How the doors to the nanoworld were opened.


I n March 1981 a new type of microscope made its debut. Unlike traditional microscopes, however, the scanning tunnelling microscope (STM) did not use lenses. Instead, a sharp tip was moved close enough to a conductive surface for the electron wavefunctions of the atoms in the tip to overlap with the wavefunctions of the surface atoms. When a voltage was applied, electrons started to ‘tunnel’ through the vacuum gap, causing a current to fl ow from the foremost atom of the tip into the surface. Quantum tunnelling had been studied theoretically before, but had never been demonstrated so elegantly as in these experiments at the IBM Zurich Research Laboratory in Switzerland. Moreover, the tunnelling current depended exponentially on the distance between the tip and the surface: changing this distance by just an atomic diameter changed the current by a factor of a thousand. Th erefore, by scanning the tip over a sample in two dimensions and keeping the tunnelling current constant, it was possible to image surfaces on the atomic scale. Th e initial results were written up in a manuscript entitled “Tunnelling through a controllable vacuum gap”, which was submitted to a leading physics journal in June 1981. However, the paper was declined by the editors based on the following referee reports: one referee said that the exponential dependence of the tunnelling current on distance was well accepted, so the experiment would not give any new insight; the other report described the work as “extraordinary” and a “technical jewel”, but this referee said that whether such technological work should be published in this particular physics journal was an editorial decision. Eventually the results were published in another leading journal, Applied Physics Letters, in January 19821. In terms of science, the real breakthrough for the STM came in 1983 with the experimental observation of one of the most intriguing phenomena in surface science at that time: atom-by-atom imaging of the 7×7 surface reconstruction in Si(111) (ref. 2). Th e STM images allowed the now widely accepted model of the reconstruction to be worked out from the models of the time3. For the fi rst time it was possible to get up close and personal with individual atoms on surfaces in a threedimensional representation. It took the small but steadily growing community another two years to verify the initial results obtained in Zurich, and it was only at a workshop at Oberlech in the Austrian Alps in 1985 that researchers started to realize the potential of the new method. Devices such as the atomic force microscope (AFM) have their roots in this meeting, and during the last night of the workshop the Alps were buzzing with Figure 1 Keep it clean. Molybdenum disulphide nanocrystals are used as catalysts to remove sulphur impurities at oil refi neries. Reducing harmful sulphur emissions from the combustion of transport fuel is a major environmental challenge. Recent STM studies of MoS2 nanocrystals6 — which are triangular — on gold surfaces have clarifi ed how these catalysts work and lead to improvements in their performance. F. BE SE NB AC HE R, IN AN O, A AR HU S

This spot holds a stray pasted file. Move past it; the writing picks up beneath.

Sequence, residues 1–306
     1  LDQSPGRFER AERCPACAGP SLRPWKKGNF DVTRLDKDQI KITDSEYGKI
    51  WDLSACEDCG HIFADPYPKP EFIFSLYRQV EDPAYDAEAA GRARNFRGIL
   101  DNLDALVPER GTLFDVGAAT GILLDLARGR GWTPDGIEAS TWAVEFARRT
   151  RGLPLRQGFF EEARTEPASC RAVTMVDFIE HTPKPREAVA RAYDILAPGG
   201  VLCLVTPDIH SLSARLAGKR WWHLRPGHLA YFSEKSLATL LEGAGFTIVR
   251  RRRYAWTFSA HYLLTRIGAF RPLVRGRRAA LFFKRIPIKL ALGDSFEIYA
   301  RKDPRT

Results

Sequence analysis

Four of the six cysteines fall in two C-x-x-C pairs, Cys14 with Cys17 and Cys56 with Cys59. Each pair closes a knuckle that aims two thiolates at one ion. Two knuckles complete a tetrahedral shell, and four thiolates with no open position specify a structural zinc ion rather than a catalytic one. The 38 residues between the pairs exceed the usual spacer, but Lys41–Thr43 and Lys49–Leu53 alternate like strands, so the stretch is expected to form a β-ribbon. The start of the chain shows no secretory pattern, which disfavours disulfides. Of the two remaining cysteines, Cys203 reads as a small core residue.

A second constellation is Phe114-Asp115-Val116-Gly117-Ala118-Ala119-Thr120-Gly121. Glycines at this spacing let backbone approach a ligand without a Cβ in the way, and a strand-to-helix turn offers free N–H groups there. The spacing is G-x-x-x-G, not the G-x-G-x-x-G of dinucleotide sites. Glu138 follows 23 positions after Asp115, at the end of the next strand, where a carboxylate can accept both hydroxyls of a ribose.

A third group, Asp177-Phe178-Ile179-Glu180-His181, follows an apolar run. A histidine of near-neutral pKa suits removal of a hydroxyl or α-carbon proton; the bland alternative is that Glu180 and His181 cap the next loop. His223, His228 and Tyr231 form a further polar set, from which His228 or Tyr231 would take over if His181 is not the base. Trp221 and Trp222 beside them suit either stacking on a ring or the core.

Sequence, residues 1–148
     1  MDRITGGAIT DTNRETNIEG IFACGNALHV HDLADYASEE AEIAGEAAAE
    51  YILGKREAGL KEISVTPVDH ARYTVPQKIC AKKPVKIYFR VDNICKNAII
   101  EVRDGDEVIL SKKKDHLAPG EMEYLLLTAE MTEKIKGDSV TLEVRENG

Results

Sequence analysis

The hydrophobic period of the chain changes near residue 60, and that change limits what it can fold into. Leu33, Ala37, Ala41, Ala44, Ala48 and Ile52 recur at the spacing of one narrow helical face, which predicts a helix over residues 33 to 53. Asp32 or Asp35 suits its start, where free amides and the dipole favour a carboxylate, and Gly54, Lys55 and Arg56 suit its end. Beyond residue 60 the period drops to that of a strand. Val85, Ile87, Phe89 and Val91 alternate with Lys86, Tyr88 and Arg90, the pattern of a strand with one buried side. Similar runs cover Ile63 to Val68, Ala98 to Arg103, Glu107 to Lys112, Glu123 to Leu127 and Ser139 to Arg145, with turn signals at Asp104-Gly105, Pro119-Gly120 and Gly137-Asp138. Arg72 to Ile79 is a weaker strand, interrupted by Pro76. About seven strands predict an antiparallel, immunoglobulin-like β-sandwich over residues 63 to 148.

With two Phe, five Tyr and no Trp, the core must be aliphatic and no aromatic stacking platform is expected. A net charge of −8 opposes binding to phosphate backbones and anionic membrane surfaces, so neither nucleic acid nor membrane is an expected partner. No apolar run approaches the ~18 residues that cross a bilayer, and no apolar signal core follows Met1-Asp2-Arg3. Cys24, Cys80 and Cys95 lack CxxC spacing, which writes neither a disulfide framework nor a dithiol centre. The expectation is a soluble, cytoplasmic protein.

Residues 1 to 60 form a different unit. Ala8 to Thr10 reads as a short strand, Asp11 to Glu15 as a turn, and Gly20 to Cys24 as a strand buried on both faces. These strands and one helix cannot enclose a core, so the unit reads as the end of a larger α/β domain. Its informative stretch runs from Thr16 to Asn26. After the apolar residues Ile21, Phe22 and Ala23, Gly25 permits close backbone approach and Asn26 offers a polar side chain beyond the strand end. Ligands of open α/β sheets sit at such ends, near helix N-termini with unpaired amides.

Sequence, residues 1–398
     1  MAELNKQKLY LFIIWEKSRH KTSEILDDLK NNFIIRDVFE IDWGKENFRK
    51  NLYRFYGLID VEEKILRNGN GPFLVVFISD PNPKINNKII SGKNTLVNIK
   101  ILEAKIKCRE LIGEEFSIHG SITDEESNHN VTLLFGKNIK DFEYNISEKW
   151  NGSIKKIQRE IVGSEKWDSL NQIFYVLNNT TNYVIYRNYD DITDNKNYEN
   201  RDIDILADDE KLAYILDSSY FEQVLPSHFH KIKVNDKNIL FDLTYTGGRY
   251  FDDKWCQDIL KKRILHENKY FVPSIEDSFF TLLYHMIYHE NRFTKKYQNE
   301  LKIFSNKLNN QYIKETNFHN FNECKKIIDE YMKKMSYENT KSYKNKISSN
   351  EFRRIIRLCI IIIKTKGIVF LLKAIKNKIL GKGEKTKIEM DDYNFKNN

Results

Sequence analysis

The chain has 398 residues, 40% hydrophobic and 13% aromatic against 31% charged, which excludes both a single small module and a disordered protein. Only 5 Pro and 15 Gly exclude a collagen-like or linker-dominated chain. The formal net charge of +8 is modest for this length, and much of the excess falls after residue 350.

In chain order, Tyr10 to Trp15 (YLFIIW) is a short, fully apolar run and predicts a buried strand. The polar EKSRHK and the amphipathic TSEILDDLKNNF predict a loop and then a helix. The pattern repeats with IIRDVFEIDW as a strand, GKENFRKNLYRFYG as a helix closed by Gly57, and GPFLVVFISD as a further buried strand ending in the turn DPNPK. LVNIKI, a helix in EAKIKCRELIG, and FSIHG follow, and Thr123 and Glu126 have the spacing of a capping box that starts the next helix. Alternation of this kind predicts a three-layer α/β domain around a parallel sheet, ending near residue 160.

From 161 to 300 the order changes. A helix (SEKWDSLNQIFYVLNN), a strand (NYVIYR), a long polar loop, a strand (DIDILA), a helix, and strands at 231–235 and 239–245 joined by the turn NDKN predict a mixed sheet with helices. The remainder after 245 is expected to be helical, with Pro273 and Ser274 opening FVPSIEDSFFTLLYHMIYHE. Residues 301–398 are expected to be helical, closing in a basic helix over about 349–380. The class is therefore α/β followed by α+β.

DOI: 10.1038/nnano.2006.70

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@article{Gerber2006HowTD, title={How the doors to the nanoworld were opened.}, author={Christoph Gerber and Hans Peter Lang}, journal={Nature nanotechnology}, year={2006}, volume={1 1}, pages={3-5} }